This Communication discusses the need for and possible forms of a comprehensive policy initiative in the context of the broader Information Society and Freedom, Security and Justice objectives for improving the security of information infrastructures and combating cybercrime, in accordance with the commitment of the European Union to respect fundamental human rights.
In the short-term, the Commission believes that there is a clear need for an EU instrument to ensure that Members States have effective sanctions in place to combat child pornography on the Internet. The Commission will introduce later this year a proposal for a Framework Decision which, within the wider context of a package covering issues associated with the sexual exploitation of children and trafficking in human beings, will include provisions for the approximation of laws and sanctions.
In the longer-term, the Commission will bring forward legislative proposals to further approximate substantive criminal law in the area of high-tech crime. In accordance with the conclusions of the European Council in Tampere in October 1999, the Commission will also consider the options for mutual recognition of pre-trial orders associated with cybercrime investigations.
In parallel, the Commission intends to promote the creation of specialised computer-crime police units at the national level, where they do not already exist, support appropriate technical training for law enforcement and encourage European information security actions.
At the technical level and in line with the legal framework, the Commission will promote R&D to understand and reduce vulnerabilities and will stimulate the dissemination of know-how.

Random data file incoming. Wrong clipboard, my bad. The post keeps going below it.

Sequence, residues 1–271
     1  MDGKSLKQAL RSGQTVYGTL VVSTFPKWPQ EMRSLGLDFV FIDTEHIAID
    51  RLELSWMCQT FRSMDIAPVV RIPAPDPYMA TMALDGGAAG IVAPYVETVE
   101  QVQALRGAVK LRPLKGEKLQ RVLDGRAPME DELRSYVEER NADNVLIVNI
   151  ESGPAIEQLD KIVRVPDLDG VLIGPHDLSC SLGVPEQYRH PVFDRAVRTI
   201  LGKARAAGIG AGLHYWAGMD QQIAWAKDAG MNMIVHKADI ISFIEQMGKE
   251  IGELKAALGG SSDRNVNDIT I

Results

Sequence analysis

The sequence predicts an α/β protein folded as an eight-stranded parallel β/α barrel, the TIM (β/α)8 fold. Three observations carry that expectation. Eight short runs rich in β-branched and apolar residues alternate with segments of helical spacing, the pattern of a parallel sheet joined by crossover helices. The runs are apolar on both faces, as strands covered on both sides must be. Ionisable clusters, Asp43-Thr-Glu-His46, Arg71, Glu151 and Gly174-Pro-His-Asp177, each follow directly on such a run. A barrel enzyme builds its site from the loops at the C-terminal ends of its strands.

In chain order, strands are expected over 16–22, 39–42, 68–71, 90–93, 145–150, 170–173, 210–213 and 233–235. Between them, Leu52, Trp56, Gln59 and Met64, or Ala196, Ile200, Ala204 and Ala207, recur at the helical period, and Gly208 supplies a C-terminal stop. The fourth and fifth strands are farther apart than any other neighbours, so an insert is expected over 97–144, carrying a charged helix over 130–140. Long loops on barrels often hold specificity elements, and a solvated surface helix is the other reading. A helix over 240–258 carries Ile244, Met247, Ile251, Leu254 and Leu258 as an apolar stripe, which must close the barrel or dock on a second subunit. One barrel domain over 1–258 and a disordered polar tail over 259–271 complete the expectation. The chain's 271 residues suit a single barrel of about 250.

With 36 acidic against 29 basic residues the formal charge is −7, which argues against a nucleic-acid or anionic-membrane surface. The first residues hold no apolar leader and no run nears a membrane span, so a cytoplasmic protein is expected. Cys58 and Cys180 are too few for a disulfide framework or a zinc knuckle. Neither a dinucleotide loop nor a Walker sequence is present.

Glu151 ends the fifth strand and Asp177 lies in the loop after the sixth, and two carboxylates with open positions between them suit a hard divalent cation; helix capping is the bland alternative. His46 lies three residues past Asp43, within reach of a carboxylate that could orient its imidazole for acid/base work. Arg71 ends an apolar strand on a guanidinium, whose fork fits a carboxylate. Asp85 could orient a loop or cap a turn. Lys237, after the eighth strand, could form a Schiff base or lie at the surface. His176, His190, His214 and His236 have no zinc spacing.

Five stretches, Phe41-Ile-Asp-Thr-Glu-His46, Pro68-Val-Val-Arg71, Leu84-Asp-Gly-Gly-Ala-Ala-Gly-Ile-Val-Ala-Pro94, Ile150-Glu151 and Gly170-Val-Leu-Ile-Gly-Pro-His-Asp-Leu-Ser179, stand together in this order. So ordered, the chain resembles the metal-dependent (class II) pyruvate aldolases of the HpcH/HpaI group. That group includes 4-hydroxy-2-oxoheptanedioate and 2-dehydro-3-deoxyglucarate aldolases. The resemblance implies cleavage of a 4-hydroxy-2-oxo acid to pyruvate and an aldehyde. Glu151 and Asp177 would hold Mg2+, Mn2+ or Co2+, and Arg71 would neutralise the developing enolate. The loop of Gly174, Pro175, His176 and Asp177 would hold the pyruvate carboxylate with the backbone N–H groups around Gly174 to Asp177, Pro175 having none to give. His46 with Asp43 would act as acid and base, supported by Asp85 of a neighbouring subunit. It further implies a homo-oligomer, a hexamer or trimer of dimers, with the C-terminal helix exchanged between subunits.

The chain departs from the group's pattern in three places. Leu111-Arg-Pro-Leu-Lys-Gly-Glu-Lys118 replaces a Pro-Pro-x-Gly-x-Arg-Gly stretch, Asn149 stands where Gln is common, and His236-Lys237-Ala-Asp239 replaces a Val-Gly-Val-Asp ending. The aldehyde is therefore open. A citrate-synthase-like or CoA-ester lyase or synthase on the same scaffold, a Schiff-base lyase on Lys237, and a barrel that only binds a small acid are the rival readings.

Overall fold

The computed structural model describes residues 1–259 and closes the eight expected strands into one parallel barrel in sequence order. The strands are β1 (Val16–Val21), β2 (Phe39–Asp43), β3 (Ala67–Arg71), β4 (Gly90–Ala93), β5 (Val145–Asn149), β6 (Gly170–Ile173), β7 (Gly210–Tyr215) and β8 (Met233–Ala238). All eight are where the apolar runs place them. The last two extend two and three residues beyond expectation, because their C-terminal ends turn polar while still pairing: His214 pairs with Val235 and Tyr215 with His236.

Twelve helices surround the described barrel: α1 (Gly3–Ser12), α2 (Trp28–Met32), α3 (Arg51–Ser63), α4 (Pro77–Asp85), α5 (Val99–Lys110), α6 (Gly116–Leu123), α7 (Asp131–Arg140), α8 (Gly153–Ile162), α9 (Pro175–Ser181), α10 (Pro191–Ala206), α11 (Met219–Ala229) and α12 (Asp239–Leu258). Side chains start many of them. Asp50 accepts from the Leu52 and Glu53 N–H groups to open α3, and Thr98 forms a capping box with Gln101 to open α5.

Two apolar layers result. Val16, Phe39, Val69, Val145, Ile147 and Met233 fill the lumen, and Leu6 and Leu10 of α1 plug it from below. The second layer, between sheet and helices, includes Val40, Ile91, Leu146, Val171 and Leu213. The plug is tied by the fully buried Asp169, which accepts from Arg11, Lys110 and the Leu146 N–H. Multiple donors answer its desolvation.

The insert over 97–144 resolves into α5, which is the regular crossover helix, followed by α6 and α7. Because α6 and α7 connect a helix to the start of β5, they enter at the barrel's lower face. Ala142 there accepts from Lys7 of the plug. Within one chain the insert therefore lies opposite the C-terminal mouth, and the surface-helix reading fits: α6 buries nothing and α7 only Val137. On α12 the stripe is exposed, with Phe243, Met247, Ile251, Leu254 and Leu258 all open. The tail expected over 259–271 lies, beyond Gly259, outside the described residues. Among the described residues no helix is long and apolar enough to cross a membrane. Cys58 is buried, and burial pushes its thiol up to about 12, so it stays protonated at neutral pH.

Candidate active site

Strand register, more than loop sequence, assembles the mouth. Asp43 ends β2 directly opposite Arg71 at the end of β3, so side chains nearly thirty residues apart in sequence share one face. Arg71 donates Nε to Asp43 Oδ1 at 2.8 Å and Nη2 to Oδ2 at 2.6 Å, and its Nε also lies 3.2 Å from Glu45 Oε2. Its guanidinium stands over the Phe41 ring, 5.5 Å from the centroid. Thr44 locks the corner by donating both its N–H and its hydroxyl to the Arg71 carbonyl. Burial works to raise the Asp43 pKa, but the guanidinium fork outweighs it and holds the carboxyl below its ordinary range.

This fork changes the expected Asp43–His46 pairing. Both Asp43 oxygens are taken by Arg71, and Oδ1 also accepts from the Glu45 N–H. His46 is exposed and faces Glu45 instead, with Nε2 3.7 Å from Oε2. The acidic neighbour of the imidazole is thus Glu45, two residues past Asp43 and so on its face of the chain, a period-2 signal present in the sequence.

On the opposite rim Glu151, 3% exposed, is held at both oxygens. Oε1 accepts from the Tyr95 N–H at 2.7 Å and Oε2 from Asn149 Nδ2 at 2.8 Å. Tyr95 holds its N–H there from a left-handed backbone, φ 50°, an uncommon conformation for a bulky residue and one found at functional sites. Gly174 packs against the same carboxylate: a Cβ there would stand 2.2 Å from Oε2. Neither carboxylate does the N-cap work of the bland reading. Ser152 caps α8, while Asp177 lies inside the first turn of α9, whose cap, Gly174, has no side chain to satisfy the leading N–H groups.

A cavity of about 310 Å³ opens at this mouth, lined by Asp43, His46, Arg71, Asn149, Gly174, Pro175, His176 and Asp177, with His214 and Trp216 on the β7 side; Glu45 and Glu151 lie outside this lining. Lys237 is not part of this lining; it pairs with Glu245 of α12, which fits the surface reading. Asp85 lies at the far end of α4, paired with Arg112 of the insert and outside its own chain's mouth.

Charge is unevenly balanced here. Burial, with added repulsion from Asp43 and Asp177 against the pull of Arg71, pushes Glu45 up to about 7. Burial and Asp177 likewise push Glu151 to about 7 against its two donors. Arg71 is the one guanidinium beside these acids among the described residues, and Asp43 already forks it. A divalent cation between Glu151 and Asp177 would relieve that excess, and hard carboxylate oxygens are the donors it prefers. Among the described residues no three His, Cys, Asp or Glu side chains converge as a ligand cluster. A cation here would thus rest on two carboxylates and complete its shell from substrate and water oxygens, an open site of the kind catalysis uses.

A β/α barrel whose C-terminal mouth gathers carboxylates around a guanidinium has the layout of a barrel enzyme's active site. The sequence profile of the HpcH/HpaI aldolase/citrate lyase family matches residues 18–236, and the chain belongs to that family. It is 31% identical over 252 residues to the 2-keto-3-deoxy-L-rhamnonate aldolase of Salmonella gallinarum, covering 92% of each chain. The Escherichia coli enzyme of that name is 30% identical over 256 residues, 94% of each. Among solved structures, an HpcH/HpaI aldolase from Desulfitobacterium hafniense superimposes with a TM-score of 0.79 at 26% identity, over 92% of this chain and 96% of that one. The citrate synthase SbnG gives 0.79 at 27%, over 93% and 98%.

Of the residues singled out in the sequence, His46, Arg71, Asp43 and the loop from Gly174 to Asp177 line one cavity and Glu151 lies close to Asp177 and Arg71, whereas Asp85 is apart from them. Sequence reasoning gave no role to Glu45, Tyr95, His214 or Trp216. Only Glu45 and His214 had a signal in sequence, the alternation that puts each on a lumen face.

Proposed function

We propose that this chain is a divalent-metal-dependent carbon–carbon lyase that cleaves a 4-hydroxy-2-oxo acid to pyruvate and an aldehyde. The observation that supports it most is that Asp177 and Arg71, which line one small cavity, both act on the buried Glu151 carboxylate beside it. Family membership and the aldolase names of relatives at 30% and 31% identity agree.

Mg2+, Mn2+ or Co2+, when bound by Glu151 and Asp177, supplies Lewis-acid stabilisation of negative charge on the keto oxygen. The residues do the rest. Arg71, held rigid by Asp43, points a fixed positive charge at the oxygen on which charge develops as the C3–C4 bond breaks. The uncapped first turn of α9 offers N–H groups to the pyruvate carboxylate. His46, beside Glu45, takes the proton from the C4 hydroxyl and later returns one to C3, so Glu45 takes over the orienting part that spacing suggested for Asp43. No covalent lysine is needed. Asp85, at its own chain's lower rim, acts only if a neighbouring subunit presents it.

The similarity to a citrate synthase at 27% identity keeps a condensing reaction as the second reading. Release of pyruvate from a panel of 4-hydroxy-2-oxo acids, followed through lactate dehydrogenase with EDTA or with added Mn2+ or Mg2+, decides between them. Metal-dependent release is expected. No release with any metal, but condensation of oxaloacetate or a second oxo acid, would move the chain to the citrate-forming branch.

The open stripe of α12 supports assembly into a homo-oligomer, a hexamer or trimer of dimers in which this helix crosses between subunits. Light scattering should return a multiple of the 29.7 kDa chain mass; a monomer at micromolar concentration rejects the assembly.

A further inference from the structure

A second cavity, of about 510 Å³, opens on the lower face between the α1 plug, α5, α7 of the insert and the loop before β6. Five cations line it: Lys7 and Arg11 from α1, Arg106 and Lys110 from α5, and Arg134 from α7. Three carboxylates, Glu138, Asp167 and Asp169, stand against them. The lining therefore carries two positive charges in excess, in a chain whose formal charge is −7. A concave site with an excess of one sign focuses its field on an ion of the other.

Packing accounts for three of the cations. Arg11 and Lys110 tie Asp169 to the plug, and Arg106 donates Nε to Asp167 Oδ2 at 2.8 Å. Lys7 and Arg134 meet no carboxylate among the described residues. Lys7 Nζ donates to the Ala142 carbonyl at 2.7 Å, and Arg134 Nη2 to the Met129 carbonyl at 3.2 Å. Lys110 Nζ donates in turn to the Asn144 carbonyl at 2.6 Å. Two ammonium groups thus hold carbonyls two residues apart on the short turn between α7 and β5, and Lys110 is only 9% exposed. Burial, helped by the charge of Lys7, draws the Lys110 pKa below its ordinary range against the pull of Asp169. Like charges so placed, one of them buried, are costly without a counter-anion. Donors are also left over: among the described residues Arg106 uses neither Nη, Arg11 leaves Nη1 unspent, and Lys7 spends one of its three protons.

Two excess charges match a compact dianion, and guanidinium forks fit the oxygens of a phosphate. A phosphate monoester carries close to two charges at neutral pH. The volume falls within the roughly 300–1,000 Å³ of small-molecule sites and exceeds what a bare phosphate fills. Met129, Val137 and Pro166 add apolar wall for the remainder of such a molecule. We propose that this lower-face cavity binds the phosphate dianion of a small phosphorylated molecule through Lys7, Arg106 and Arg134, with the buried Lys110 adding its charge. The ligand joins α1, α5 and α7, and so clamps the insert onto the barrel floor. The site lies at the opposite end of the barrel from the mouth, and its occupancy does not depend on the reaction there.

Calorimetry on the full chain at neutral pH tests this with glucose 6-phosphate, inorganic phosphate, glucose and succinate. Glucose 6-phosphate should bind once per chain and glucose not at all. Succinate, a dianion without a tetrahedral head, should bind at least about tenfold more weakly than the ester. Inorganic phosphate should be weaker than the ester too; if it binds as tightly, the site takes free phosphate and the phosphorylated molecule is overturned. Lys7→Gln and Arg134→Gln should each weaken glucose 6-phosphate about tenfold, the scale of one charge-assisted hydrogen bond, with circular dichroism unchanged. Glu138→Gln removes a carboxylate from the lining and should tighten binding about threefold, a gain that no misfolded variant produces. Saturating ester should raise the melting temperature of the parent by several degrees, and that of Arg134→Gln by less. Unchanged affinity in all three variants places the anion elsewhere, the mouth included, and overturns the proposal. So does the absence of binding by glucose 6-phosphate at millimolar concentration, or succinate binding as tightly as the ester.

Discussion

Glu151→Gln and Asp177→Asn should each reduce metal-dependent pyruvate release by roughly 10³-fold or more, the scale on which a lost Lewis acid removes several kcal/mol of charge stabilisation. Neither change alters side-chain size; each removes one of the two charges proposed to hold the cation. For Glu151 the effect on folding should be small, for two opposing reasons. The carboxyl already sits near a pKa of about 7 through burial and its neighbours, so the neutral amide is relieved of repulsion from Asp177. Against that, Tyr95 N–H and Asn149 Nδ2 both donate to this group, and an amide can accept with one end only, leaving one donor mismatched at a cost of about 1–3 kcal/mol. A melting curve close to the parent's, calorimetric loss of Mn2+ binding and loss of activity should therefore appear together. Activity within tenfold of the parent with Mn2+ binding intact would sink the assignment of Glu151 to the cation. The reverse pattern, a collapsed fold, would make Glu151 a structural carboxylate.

The Commission intends also to set up an EU Forum in which law enforcement agencies, Internet Service Providers, telecommunications operators, civil liberties organisations, consumer representatives, data protection authorities and other interested parties will be brought together with the aim of enhancing mutual understanding and co-operation at EU level. The Forum will seek to raise public awareness of the risks posed by criminals on the Internet, to promote best practice for security, to identify effective counter-crime tools and procedures to combat computer-related crime and to encourage further development of early warning and crisis management mechanisms.
TABLE OF CONTENTS
1. OPPORTUNITIES AND THREATS IN THE INFORMATION SOCIETY
1.1. National and international responses
2. SECURITY OF INFORMATION INFRASTRUCTURES
3. COMPUTER-RELATED CRIME
4. SUBSTANTIVE LAW ISSUES
5. PROCEDURAL LAW ISSUES
5.1. Interception of communications
5.2. Retention of traffic data
5.3. Anonymous access and use
5.4. Practical co-operation at international level
5.5. Procedural law powers and jurisdiction
5.6. Evidential validity of computer data
6. NON-LEGISLATIVE MEASURES
6.1. Specialised units at the national level
6.2. Specialised training
6.3. Improved information and common rules for record keeping
6.4. Co-operation between the various actors: the EU Forum
6.5. Direct industry actions
6.6. EU-supported RTD projects
7. CONCLUSIONS AND PROPOSALS
7.1. Legislative proposals
7.2. Non-legislative proposals
7.3. Action in other international fora